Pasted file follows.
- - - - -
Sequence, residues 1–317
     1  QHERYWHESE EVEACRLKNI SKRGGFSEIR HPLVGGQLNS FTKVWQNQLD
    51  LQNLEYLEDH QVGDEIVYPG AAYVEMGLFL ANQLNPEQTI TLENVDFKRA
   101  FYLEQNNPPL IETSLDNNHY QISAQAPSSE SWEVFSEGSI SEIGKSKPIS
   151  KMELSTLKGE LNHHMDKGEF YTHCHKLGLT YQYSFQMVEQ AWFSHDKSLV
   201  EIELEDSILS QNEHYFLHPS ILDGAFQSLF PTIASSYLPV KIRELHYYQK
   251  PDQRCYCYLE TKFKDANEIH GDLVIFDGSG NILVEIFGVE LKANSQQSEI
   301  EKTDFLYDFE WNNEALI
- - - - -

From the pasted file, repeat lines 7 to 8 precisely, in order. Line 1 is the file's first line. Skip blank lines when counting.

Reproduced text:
   251  PDQRCYCYLE TKFKDANEIH GDLVIFDGSG NILVEIFGVE LKANSQQSEI
   301  EKTDFLYDFE WNNEALI